Another issue is that the present coalition itself might not have the needed 55% for long. There will certainly be some by-election losses during this difficult term, and perhaps there will be a few defections (on the Lib Dem left, or on a Tory right sidelined by their leader). Of course, the law could at any time be changed by an ordinary majority, but only with the consent of the House of Lords.

    * It does not remove the other, namely an electoral system that gives the two main parties an expectation of majority governments around the corner, that leaves the third party barely hanging on to most of its seats, and that pits the two coalition partners against each other as the main competitors in most of those constituencies. But with a fixed term, judgement day can at least be better planned. For their sake, the Lib Dems had better get through some electoral or at least Lords reforms, so that they can be assured of some relevance beyond this term. Their level of support is likely to shrink now, but unless they were content to stay irrelevant, they eventually had to join up with one of the big two in order to get constitutional changes through. Labour may have been a better fit, but realistically that opportunity did not arise (reforms could have been toppled by a few traditionalist rebels).

    Liked by 1 person

  9. @Espen

    Recent events in Tasmania and the UK suggest strongly that the the powers of governors-general and the Queen, who they theoretically represent, are moving in different directions. A governor would almost certainly dismiss a government that tried to remain in office without supply. Np-one’s ever contested that part of the Kerr statement in 1975, although there is argument about whether the Whitlam government, as Kerr claimed, had reached that point. The new government would have to give assurances that they could get supply.

    Elizabeth II probably has the same powers but would, I suspect be a lot more reluctant to use them.


  10. Espen, you must be in Norway then?

    Alan: It seems to me that – ironically – while the UK Monarch’s individual tenure is much more secure than those of the Governors [General] in the colonies, the offices of the latter are much more entrenched as institutions. Thus in Australia, Canada, Jamaica, et al, the PM can remove (and probably replace) the GG with a phone call to Buckingham Palace, but can’t abolish the office of GG without some special procedure – referendum and/or super-majority and/or assent of States. Whereas in the UK, both “abdicating” the Queen and changing to a republic would require an Act of Parliament but nothing more (and no, the preamble to the Statute of Westminster 1931 wouldn’t bind a later Parliament legally).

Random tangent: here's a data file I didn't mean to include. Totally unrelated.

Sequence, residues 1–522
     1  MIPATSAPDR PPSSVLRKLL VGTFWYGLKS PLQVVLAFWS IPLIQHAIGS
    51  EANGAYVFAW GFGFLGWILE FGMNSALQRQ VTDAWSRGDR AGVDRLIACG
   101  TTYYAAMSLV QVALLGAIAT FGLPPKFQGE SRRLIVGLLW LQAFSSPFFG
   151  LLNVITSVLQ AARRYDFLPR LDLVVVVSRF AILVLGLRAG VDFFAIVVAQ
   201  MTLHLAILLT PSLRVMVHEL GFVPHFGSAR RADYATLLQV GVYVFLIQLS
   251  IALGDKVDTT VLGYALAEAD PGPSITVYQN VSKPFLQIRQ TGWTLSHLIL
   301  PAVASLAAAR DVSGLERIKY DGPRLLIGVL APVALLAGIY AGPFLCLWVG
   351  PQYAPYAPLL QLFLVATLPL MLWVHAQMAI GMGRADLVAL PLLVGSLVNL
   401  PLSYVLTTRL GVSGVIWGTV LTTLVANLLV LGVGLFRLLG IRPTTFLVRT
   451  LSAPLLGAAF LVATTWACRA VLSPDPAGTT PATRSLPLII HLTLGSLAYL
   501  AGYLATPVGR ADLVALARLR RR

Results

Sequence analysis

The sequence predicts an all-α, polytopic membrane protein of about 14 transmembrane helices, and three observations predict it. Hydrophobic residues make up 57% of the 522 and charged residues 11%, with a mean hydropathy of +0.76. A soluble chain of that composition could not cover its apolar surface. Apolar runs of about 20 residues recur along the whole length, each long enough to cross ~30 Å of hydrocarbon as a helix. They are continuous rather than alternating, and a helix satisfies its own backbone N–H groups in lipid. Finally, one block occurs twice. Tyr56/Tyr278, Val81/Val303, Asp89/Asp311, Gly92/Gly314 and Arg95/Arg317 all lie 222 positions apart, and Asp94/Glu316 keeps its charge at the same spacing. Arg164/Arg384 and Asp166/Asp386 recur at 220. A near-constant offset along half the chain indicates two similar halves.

11. PS: Not sure about NZ but even if abolishing the Crown requires only an ordinary Act, that’s still several orders of entrenchment upwards from emailing the Queen.

    There is an article waiting to be written on entrenchment in NZ const law and titled “Hide the Key?”


  12. Tom

    I don’t know of any attempt to sack a governor by calling the palace. I suspect the palace would find ways not to receive the advice or to delay acting on it until any crisis had passed. I’m also not at all sure the Crown can be abolished, even in the UK, by Act. But that’s just another example of why all of the constitution needs to be written.


  13. Espen makes really excellent points about both why the 55% dissolution was put into the coalition agreement, and its likely (non-)effect in the event of a real stalemate in the Commons between the two main parties.

    Has Norway, where early dissolution is not allowed, had such stalemates? If so, how have they been resolved?


  14. Alan,

    1. George Winterton and/or Tony Abbott, in their books on the Aust Republic debate, have noted that PNG and one of the Caribbean dominions (Grenada, perhaps?) in the past 2-3 decades either removed their GG or persuaded their GG to resign by the PM sending a letter of request to the Queen. That said, Abbott has also suggested elsewhere that perhaps the Queen’s phone might be “engaged” if the PM rang.